Grandparents Day - Old Roles, New Rules
IF the importance of an occasion can be measured by the number of greeting cards it spawns, National Grandparents Day must be one of the least-observed events around. In the endless racks of cards at several pharmacies and stationers in suburban Boston, Grandparents Day rates only 18 different cards. That puts this Sunday's celebration behind even next month's National Boss Day, with a selection of 26 greetings.
Grandparents do, of course, receive recognition on Mothers Day and Fathers Day. But the fact that a separate day of honor was established 15 years ago signals a changing perception of the nation's more than 55 million grandmothers and grandfathers, who form part of the fastest growing age group in America.
Once upon a time, the role of grandparent was fairly predictable. Children grew up, married, and soon began producing the next generation. Grandmothers were entitled to carry purse-sized photo albums labeled ``Grandma's Brag Book'' and to splurge on pricey gifts for the youngest family members. Grandfathers were elevated to the role of patriarch, becoming imposing figures who inspired as much awe as affection among their grandchildren.
Now the noun ``grandparent'' has become a gerund - ``grandparenting'' - as if to signify far more active involvement. At the same time, the role that once came so naturally is surrounded by instructions and guidelines, delivered in books and in special grandparent classes and support groups. Last year Sage Publications put out what it bills as the nation's first ``grandparent education curriculum,'' a five-volume series of books with titles ranging from ``Becoming a Better Grandparent'' to ``Achieving Grandparent Potential.''
Being a modern grandparent, it seems, requires a delicate balancing act. Become involved, the experts advise, but don't interfere. Be available to help, but maintain your independence.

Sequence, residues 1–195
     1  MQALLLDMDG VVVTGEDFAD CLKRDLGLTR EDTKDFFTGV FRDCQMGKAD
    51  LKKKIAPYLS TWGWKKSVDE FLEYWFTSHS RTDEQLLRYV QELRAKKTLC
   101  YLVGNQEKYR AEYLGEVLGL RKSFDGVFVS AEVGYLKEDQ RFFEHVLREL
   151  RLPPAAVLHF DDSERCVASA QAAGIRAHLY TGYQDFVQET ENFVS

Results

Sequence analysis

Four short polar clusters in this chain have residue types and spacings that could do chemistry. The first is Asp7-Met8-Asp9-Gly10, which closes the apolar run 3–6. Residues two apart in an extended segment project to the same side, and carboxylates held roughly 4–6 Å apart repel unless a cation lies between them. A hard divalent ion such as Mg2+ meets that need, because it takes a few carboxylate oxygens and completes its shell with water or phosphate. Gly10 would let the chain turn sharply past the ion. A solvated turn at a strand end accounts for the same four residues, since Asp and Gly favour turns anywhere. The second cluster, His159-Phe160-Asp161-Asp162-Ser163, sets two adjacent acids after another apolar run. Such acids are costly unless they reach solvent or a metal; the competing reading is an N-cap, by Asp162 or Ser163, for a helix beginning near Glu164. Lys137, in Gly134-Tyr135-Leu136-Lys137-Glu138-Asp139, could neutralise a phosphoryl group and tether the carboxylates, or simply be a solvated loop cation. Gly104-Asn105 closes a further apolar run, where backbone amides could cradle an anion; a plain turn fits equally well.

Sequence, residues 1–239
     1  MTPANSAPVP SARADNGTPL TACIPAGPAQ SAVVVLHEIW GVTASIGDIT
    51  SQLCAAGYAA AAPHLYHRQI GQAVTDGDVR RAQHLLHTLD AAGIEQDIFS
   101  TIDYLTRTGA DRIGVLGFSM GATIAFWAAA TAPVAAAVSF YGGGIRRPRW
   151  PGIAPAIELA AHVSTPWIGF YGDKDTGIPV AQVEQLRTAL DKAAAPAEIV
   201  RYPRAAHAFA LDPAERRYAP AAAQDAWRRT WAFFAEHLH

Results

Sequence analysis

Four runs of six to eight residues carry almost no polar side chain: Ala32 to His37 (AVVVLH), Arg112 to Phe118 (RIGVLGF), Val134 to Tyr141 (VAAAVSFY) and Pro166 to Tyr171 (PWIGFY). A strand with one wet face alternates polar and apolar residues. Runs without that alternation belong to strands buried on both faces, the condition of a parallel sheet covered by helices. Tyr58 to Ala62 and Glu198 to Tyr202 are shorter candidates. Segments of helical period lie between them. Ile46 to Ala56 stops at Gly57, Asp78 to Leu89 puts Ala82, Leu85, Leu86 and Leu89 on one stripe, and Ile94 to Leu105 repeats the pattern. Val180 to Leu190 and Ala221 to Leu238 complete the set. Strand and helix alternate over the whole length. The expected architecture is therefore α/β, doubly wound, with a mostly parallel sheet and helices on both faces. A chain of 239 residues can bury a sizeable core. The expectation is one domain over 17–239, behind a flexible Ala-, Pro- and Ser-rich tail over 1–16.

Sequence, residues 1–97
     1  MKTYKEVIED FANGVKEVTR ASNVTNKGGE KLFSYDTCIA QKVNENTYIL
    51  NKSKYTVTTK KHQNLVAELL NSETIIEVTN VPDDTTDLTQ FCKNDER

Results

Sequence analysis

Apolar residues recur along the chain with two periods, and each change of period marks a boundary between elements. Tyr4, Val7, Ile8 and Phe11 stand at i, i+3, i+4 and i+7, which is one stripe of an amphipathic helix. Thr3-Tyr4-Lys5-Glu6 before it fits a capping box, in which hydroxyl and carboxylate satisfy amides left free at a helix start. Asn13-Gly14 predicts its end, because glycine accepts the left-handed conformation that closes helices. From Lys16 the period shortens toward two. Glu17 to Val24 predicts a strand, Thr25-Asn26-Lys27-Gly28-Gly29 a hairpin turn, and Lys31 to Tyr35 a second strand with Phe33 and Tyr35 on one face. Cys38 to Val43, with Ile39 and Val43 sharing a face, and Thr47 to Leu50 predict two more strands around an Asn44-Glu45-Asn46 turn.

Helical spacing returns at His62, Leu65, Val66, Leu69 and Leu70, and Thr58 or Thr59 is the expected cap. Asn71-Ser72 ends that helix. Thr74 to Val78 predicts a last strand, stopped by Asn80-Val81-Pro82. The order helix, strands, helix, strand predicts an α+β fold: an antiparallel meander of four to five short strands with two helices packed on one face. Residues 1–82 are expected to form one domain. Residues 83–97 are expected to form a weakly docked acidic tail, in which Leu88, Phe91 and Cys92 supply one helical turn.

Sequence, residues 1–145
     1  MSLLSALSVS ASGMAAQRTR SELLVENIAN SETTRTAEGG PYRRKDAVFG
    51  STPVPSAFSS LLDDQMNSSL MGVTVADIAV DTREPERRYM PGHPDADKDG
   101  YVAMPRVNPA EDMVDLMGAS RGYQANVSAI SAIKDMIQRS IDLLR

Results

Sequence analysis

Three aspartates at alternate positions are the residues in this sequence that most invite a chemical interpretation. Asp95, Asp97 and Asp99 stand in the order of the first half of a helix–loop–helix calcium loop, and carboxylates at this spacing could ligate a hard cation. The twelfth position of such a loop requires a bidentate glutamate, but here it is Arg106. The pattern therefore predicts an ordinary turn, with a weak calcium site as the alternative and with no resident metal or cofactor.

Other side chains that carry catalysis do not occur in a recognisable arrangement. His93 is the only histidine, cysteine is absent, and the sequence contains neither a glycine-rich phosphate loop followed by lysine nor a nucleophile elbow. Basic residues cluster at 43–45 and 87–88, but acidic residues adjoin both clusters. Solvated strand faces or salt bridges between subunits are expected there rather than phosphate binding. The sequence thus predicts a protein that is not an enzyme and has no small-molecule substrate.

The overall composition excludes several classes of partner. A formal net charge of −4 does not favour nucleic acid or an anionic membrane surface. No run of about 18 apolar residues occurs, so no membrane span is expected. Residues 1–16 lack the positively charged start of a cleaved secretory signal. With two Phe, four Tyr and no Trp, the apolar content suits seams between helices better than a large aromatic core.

Independence may, in fact, be far more common than active involvement, considering the miles that separate many families. But with or without rules and guidebooks, never have all generations needed each other more. As parents become increasingly stretched between responsibilities at work and at home, and as more families are reconfigured by divorce and remarriage, grandparents form an essential link between generations. They are the glue that binds past and present, the bond that helps assure family stability and strength.
Yet that role continues to change in profound ways. A few decades ago, who could have imagined that grandparents would find it necessary to seek legal protection for the right to visit their own grandchildren? Through the efforts of grandparent-rights groups in the 1980s, nearly all states now have laws protecting grandparents from having their visitation rights cut off by divorce or death in a grandchild's family.
Moreover, who could have predicted that for some grandparents in the 1990s, any dreams of retirement would have to be put on hold while they rear grandchildren abandoned by parents on drugs or orphaned by parents with AIDS?
Most startling of all, who could have imagined a chilling new world in which grandmothers would serve as surrogates for married children unable to conceive? In the most publicized case two years ago, Arlette Schweitzer of Aberdeen, S.D., bore her own twin grandchildren for her daughter and son-in-law.
Then there are the would-be grandparents - the ones waiting silently, impatiently while adult sons and daughters postpone parenthood to pursue advanced degrees or establish careers.
Grandparents used to be thought of as old-fashioned. Now it's the term itself that seems dated or at least somewhat nondescriptive. Grand is not a word that goes with the times.
In a world where Elizabeth Taylor is a grandmother and Paul Newman is a grandfather and less-famous grandparents climb mountains and run marathons, the symbolic rocking chair has turned into a launching missile, set for destinations still unknown. Yet what distance or activity can separate a grandparent from caring thoughts of the youngest generation?
An Italian adage advises, ``If nothing else is going right, call your grandfather and grandmother.'' The new American version could read: ``Even when everything is going right, call them then, too.'' Especially if it just happens to be Grandparents Day.